- Search the indexes and records of nearby counties
Known Issues with This Collection[edit | edit source]
For a full list of all known issues associated with this collection see the attached Wiki article. If you encounter additional problems, please email them to email@example.com. Please include the full path to the link and a description of the problem in your e-mail. Your assistance will help ensure that future reworks will be considered.
Citing This Collection[edit | edit source]
Citations help you keep track of places you have searched and sources you have found. Identifying your sources helps others find the records you used.
- Collection Citation
- "Michigan Marriages, 1868-1925." Database with images. FamilySearch. http://FamilySearch.org : 14 June 2016. Citing Secretary of State. Department of Vital Records, Lansing.
When looking at a record, the citation can be viewed by clicking the drop-down arrow next to Document Information.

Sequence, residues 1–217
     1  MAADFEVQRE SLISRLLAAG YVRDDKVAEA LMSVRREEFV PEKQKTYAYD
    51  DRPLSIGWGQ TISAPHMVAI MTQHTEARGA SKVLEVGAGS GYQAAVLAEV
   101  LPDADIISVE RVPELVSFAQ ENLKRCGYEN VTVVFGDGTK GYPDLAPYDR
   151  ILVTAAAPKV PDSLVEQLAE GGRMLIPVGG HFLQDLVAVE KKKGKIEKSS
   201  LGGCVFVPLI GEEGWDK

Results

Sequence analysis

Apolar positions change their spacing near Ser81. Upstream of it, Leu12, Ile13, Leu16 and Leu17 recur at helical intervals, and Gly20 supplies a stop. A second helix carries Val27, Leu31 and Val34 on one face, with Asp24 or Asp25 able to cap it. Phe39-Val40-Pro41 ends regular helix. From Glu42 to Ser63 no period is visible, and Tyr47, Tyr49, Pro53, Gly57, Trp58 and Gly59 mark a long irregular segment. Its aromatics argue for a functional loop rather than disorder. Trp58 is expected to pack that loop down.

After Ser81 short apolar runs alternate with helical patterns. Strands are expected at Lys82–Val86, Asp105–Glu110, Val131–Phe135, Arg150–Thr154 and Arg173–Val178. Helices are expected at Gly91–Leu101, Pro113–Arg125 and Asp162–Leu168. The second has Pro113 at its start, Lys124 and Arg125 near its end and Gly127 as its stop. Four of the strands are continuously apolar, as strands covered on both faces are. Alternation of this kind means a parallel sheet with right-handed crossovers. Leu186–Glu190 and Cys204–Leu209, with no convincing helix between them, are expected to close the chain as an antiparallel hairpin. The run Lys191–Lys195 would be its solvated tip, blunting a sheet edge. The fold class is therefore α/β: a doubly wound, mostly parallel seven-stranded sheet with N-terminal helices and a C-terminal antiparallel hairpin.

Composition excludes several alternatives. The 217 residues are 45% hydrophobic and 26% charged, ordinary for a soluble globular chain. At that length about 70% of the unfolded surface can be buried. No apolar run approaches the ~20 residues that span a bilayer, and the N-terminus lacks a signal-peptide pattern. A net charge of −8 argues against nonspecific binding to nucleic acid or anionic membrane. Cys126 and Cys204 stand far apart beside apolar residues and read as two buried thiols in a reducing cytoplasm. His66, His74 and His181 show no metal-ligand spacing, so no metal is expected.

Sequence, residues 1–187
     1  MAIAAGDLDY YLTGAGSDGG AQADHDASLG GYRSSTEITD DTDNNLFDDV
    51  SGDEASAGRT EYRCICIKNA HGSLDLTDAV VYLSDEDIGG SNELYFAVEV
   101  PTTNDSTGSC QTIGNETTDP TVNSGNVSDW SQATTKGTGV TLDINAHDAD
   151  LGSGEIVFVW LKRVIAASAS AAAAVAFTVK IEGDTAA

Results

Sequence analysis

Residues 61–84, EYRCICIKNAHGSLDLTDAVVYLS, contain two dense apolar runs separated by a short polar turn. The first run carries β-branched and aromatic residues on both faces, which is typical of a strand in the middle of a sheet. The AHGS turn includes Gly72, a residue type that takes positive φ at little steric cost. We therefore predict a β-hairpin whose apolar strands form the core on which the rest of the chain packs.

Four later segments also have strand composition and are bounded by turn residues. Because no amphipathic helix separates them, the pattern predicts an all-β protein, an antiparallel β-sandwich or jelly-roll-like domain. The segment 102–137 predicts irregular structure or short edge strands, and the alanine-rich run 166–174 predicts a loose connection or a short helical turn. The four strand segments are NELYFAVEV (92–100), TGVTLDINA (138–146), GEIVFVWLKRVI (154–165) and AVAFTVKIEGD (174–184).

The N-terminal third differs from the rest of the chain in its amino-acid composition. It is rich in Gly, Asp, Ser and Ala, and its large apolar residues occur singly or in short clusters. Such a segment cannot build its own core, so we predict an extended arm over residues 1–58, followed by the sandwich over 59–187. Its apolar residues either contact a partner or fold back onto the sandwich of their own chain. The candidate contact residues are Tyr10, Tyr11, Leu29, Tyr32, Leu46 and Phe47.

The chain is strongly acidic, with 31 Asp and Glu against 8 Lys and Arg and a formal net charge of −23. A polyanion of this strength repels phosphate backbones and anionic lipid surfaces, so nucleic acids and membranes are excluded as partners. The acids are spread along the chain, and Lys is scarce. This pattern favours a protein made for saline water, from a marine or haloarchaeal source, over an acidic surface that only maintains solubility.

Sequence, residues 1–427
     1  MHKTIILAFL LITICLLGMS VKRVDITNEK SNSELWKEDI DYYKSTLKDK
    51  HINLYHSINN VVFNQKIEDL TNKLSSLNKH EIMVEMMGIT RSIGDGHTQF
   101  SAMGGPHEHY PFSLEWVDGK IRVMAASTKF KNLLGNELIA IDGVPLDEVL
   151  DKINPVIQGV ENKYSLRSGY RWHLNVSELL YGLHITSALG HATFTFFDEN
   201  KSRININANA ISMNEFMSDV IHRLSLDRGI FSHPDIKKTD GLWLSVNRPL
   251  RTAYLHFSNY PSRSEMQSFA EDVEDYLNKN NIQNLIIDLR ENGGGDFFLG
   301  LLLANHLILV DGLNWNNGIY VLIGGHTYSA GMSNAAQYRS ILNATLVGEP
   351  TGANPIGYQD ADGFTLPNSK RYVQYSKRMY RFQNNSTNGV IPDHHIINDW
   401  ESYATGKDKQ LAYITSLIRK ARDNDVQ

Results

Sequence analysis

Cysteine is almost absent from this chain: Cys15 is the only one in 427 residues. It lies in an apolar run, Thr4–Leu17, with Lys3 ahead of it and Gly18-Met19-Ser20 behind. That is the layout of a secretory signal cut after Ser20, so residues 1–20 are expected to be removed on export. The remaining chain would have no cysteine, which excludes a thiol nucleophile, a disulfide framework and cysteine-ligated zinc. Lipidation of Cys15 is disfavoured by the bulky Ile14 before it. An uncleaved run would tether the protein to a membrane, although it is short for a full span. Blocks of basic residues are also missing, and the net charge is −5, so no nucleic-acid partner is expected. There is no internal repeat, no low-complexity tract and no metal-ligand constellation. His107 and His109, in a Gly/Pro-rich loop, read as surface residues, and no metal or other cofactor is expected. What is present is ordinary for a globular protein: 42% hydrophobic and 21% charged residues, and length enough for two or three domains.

When looking at an image, the citation is found on the Information tab at the bottom left of the screen.
How Can I Contribute to the FamilySearch Wiki?[edit | edit source]
|We welcome user additions to FamilySearch Historical Records wiki articles. We are looking for additional information that will help readers understand the topic and better use the available records. We also need translations for collection titles and images in articles about records written in languages other than English. For specific needs, please visit WikiProject FamilySearch Historical Records.|